Robocop 3

1993, Movie, PG-13, 105 mins

Review

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Though the story is tired, most of ROBOCOP 3's action sequences and special effects are imaginative and effective, and the gruesomeness of the first two films has been toned down in a commercially wise attempt to make it more accessible to the younger audiences who love Robocop.

In the degenerate future, on the mean streets of Detroit, cyborg cop Murphy (Robert John Burke), better known as Robocop, is the best and last hope of law enforcement. Haunted by fragmentary memories of the man he once was and ruthlessly manipulated by the vicious executives who run Omni Consumer Products, the corporate conglomerate that hopes to make Detroit over along more profitable lines, Murphy is faced with a dilemma. OCP, now owned by a Japanese conglomerate headed by tycoon Kanemitsu (Mako), is illegally evicting residents of Detroit's run down, working class Cadillac City neighborhood, so that Delta City, a glittering metropolis of the future, can be built in its place. Robocop is meant to help clear them away, but after his longtime partner (Nancy Allen) is killed, he violates his programming--which requires him to obey all orders from his superiors — and joins the Homeless Underground, led by charismatic Bertha (CCH Pounder); her troops include adorable computer-hacking youngster Nikko (Remy Ryan), who was separated from her family when the army evicted the populace of Cadillac City.

OCP's troops wage full-scale war on the homeless resisters, and damage Robocop, apparently beyond repair. But he's remade once again, this time by Dr. Marie Lazarus (Jill Hennessy), an OCP employee who realizes she can't just follow orders anymore. He then takes on the Detroit police and OCP's secret weapon, a sleek, athletic, ninja cyborg who makes RoboCop look like a rusted heap of tin, and emerges victorious.

The original ROBOCOP was a dark action film set in a disturbing urban future, distinguished by a cynical script, Paul Verhoeven's brutal direction and Peter Weller's surprisingly affecting performance as the machine who remembers that he was once a man. Written by cutting-edge comic book star Frank Miller and directed by Fred Dekker (NIGHT OF THE CREEPS, THE MONSTER SQUAD), ROBOCOP 3 is a far lighter affair, with the emphasis on spectacular but relatively bloodless action. On those terms, it's fairly successful.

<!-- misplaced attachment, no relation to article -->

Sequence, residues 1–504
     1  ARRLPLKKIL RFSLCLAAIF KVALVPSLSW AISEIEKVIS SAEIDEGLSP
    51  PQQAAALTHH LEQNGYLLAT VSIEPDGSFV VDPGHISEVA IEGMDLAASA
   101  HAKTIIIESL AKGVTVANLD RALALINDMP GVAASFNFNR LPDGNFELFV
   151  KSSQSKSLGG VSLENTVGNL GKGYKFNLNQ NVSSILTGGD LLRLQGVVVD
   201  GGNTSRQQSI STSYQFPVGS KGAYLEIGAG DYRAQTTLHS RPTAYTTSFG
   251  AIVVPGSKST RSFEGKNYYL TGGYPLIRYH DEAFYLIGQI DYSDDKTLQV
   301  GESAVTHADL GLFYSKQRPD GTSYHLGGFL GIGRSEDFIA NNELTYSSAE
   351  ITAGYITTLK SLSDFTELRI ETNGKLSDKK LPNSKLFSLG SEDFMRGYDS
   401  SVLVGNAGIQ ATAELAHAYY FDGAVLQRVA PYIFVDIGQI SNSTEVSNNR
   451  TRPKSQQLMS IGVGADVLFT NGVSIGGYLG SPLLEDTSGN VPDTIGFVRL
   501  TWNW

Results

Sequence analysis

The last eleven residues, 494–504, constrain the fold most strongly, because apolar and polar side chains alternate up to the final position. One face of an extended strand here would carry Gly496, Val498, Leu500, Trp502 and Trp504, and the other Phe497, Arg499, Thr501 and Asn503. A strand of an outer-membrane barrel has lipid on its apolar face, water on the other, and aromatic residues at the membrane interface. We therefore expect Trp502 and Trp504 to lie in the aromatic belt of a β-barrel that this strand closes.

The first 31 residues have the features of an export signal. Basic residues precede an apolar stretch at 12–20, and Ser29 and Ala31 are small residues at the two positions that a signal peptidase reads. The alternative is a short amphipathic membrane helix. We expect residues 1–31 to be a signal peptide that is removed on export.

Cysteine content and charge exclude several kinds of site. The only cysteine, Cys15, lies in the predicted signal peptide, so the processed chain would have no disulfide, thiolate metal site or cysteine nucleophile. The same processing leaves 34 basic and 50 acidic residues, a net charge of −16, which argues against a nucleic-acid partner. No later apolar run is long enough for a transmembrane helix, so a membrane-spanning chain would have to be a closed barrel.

Sharp-jawed Robert Burke, best known for his roles in Hal Hartley films, gamely dons RoboCop drag and manages to retain the character's weary dignity, even when he's forced to don a flying backpack (a la THE ROCKETEER) and zoom over the heads of the incredulous villains. The action sequences are well staged and imaginative, and the battle between Robocop and Roboninja, takes some surprising turns--the best is the revelation that there are three identical opponents.

That said, the movie seems stuck betwixt and between: it dishes up monstrous splatterpunks (reminiscent of ESCAPE FROM NEW YORK), ruthless corporate fiends (no character in RISING SUN, denounced for its Japan bashing, can compare to the evil Kanemitsu or the ninja cyborg, who makes literal the idea of the Japanese being "like robots"), killer cops and the scary Roboninja, but pulls its punches whenever things seem to be getting too tough. And though it was meant to appeal to younger ROBOCOP fans, the opening sequence is every child's nightmare: little Nikko is in her own bed, her daddy assuring her that things are fine, when a wrecking ball crashes through the wall and the family has to take to the streets, which are filled with running, screaming families. In the melee, Nikko is separated from her parents (who, we later learn, are killed) and left to wander the nighttime streets alone. That's the true stuff of children's nightmares. (Violence, adult situations.) leave a comment

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